More and more small- to medium-sized businesses (SMBs) are moving to the cloud because of the great business potentials it can provide. However, compliance is still one of the biggest reasons why some SMBs hesitate to fully adopt a cloud-first strategy. Having a clear understanding of how to achieve compliance in the cloud will help your company take advantage of the business agility and growth cloud technology can provide.
What is a cloud compliance gap?
In a recent study by Veritas, 83% of SMB owners believe that cloud service providers will protect their clients' data, which is unrealistic, dangerous, and a potential compliance gap you can fall into like a thinly covered pit trap. Data protection bodies like Europe's General Data Protection Regulation (GDPR) require SMBs to evaluate how they gather and process personal data. Major cloud providers like your managed IT services provider (MSP) may have their own security solutions in place, but it's important for you to know where the cloud can fall short.
What are the challenges?
If your company is housing its own databases and storage systems, you should know the location of all your data. The key issues you face when migrating to the cloud are the types of data you store, and where the data is located. Cloud providers aggregate your data and store it in multiple locations, making it difficult to know where all your data is at any given time.
Location is key
Knowing where your company's data is being stored is one of the most important factors in maintaining cloud compliance. Most organizations often take for granted the exact location of their data, and the best way to fix this is by using a cloud service that can keep it within one jurisdiction. You can ask your MSP about the locations of their cloud servers.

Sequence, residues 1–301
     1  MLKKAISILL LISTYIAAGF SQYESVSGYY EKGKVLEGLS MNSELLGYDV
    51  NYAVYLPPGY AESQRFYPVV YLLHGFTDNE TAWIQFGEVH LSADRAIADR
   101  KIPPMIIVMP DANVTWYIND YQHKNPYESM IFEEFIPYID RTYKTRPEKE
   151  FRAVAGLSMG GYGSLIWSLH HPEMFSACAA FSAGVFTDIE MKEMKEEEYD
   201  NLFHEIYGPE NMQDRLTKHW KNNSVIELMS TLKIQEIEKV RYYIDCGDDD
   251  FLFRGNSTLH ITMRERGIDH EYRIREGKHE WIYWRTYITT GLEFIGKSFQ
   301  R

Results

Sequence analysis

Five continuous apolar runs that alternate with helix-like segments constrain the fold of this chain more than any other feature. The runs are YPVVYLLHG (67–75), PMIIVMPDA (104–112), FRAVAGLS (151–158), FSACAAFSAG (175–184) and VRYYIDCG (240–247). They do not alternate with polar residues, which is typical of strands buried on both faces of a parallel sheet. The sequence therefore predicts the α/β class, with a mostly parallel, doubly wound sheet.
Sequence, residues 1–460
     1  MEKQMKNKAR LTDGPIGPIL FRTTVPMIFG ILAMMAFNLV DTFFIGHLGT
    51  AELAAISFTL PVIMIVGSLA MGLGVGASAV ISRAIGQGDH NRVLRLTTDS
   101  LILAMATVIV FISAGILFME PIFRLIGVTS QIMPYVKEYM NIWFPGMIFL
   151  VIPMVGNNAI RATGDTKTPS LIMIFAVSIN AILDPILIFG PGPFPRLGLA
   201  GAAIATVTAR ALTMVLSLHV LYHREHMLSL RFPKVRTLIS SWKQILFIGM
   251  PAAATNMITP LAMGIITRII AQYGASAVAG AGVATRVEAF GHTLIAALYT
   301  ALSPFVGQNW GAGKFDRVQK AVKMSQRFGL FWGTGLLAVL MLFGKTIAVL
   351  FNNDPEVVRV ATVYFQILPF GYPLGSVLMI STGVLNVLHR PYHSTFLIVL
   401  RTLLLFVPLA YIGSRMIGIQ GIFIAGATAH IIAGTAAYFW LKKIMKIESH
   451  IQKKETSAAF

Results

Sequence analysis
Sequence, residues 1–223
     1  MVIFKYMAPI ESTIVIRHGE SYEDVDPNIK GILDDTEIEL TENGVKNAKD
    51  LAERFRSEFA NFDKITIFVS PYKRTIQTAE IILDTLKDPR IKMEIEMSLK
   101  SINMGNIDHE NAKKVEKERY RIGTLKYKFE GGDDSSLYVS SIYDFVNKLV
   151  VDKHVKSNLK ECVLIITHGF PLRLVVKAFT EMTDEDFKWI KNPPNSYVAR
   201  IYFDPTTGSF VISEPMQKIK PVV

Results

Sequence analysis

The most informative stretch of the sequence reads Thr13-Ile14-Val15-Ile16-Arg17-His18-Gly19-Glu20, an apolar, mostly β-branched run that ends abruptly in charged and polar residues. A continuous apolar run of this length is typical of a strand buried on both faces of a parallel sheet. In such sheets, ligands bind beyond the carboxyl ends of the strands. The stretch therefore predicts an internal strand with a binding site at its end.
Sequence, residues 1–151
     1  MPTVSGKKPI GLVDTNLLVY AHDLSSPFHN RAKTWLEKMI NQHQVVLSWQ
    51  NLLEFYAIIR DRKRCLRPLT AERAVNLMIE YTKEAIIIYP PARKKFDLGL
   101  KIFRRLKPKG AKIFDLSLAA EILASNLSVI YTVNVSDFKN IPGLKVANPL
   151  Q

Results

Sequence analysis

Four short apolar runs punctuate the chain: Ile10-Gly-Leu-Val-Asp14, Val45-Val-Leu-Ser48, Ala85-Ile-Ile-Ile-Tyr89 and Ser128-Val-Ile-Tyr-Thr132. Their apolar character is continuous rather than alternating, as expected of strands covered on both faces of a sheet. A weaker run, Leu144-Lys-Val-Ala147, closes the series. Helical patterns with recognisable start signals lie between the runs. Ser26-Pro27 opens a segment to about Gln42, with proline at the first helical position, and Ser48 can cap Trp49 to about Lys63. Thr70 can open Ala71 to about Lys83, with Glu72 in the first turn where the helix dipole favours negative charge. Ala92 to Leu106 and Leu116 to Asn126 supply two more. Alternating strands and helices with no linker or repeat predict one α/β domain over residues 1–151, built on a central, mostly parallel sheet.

But before all this, you should be able to identify the specific information your company collects and processes. If your IT team or MSP can't identify the type of data that goes to the cloud, then auditing or controlling the data location will surely fail. For security and compliance reasons, sensitive data such as social security numbers, bank information, and other personal details should always be stored in your internal network and not migrated to the cloud. An alternative option is to use a private cloud that is hosted right inside your company premises.
The good news is, there are steps you can take to ensure your organization does not fall into the compliance trap. The most obvious step is to limit the use of the cloud to providers with solid policies on data geolocation. However, if your company really needs to access the public cloud, make sure you carefully audit all data to ensure sensitive information is properly identified and tracked, and that data sovereignty policies are enforced.
It is also important that all sensitive data is encrypted. Encrypting data not only protects it from cybercriminals, but it also ensures it meets compliance requirements. Your MSP will most likely provide an encryption service that will help minimize the loss of data while in transit or even when a cloud service is hacked.
In some cases, the biggest threat to your cybersecurity is the people working for you. At least 60% of data breaches are the result of employees trying to steal information or those who accidentally access private data. Encrypting your data also protects it from data breaches carried out by your own employees.
Another way to reduce the risk of your data being stolen is by setting up a virtual private network (VPN) that can only be accessed by a few authorized personnel. In addition, here are some tips that will help you avoid insider threats.
Your MSP can only do so much when it comes to cloud compliance. Your MSP's job is to ensure they meet their share of current cybersecurity standards, but you also have a role to play in complying with GDPR and other data privacy laws. To learn more about the cloud and what you need to do before migrating there, download our free eBook.